Install the native operating system on its new partition.
Boot back into the native system to verify everything's OK,
and to download the Ubuntu installer boot files.
Boot the Ubuntu installer to continue installing Ubuntu.
Partitioning From DOS or Windows
If you are manipulating existing FAT or NTFS partitions, it is
recommended that you either use the scheme below or native Windows or
DOS tools. Otherwise, it is not really necessary to partition from DOS
or Windows; the Linux partitioning tools will generally do a better
But if you have a large IDE disk, and are not using LBA addressing,
overlay drivers (sometimes provided by hard disk manufacturers), or a
new (post 1998) BIOS that supports large disk access extensions, then
you must locate your Ubuntu boot partition carefully. In this case,
you will have to put the boot partition into the first 1024 cylinders
of your hard disk (usually around 524 megabytes, without BIOS
translation). This may require that you move an existing FAT or NTFS
Lossless Repartitioning When Starting From DOS, Win-32 or OS/2
One of the most common installations is onto a system that already
contains DOS (including Windows 3.1), Win32 (such as Windows 95, 98, Me,
NT, 2000, XP), or OS/2, and it is desired to put Ubuntu onto the same disk
without destroying the previous system. Note that the installer supports
resizing of FAT and NTFS filesystems as used by DOS and Windows. Simply
start the installer and when you get to the partitioning step, select the
partitioning, select the partition to resize, and specify its new size.
So in most cases you should not need to use the method described below.
Before going any further, you should have decided how you will be
dividing up the disk. The method in this section will only split a
partition into two pieces. One will contain the original OS and the
other will be used for Ubuntu. During the installation of Ubuntu, you
will be given the opportunity to use the Ubuntu portion of the disk as you
see fit, i.e., as swap or as a file system.
The idea is to move all the data on the partition to the beginning,
before changing the partition information, so that nothing will be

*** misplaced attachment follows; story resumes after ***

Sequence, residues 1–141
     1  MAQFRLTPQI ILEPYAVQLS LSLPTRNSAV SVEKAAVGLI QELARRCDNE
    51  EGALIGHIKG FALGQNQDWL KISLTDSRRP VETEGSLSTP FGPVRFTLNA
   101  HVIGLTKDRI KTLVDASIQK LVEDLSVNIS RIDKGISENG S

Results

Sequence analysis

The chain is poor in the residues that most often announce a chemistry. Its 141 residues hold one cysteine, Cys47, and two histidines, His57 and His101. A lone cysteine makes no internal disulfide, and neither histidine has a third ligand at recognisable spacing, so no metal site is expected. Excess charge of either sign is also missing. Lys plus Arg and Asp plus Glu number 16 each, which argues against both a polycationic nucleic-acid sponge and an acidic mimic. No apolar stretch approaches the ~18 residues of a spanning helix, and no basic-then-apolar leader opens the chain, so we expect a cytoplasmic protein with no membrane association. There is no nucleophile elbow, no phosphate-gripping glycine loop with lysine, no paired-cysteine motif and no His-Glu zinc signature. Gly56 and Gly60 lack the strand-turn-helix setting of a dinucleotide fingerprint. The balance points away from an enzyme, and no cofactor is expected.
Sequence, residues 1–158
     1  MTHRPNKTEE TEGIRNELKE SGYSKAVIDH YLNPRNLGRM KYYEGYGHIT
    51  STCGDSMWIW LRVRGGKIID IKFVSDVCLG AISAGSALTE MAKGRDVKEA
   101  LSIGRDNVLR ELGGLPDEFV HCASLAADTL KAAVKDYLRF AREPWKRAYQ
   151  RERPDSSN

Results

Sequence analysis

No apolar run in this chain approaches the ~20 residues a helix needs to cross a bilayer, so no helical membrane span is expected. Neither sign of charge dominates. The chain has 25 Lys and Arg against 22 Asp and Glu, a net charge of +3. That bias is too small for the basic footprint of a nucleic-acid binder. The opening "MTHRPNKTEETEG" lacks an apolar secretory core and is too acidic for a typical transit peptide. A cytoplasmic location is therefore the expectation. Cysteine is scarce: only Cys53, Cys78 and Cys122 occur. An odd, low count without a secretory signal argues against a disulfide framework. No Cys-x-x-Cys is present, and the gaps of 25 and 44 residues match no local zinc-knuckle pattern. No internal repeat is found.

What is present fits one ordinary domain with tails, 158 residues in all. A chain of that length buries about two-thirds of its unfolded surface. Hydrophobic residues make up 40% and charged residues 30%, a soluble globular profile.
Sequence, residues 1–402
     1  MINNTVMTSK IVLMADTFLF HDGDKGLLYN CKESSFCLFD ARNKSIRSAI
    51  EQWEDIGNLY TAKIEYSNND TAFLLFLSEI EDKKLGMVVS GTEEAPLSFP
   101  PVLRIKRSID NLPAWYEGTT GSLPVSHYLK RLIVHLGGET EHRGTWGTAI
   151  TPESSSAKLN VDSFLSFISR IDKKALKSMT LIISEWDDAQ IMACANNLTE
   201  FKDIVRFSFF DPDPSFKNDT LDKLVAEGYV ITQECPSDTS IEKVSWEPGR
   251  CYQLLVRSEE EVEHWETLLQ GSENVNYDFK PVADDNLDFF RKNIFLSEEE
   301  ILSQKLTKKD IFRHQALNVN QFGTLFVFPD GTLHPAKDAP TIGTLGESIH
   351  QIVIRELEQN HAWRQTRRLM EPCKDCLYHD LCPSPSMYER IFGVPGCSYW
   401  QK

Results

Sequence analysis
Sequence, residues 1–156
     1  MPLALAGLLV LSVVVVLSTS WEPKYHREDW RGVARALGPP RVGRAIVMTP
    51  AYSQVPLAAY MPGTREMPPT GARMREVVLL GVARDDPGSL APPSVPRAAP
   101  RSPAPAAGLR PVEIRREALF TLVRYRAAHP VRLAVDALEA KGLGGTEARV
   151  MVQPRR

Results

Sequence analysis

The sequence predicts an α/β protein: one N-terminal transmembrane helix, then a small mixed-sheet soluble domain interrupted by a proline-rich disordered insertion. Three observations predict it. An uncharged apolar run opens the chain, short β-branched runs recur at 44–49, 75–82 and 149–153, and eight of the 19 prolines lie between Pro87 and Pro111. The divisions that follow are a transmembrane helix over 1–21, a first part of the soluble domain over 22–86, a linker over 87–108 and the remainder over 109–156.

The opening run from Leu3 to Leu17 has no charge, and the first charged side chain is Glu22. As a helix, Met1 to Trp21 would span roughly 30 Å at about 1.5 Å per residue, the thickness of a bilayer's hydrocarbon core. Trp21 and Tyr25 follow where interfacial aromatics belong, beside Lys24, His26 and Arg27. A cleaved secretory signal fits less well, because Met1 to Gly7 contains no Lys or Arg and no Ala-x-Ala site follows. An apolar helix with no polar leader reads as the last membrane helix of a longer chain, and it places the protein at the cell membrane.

lost. It is important that you do as little as possible between the
data movement and repartitioning to minimize the chance of a file
being written near the end of the partition as this will decrease the
amount of space you can take from the partition.
The first thing needed is a copy of fips which is
available in the
tools/ directory on your nearest Ubuntu
mirror. Unzip the archive and copy the files
ERRORS.TXT to a bootable floppy. A bootable floppy can
be created using the command
sys a: under DOS.
fips comes with very good documentation which you may
want to read. You will definitely need to read the documentation if
you use a disk compression driver or a disk manager. Create the disk
and read the documentation before you defragment the disk.
The next thing needed is to move all the data to the beginning of the
partition. defrag, which comes standard with DOS 6.0 and
later, can easily do the job. See the fips documentation
for a list of other software that may do the trick. Note that if you
have Windows 9x, you must run defrag from there, since
DOS doesn't understand VFAT, which is used to support for long
filenames, used in Windows 95 and higher.
After running the defragmenter (which can take a while on a large
disk), reboot with the fips disk you created in the
floppy drive. Simply type
a:\fips and follow the directions.
Note that there are many other partition managers out there, in
case fips doesn't do the trick for you.
If you are partitioning for DOS drives, or changing the size of DOS
partitions, using Linux tools, many people experience problems working
with the resulting FAT partitions. For instance, some have reported
slow performance, consistent problems with scandisk, or
other weird errors in DOS or Windows.
Apparently, whenever you create or resize a partition for DOS use,
it's a good idea to fill the first few sectors with zeros. You should do
this prior to running DOS's format command by executing
the following command from Linux:
# dd if=/dev/zero of=/dev/hdXX bs=512 count=4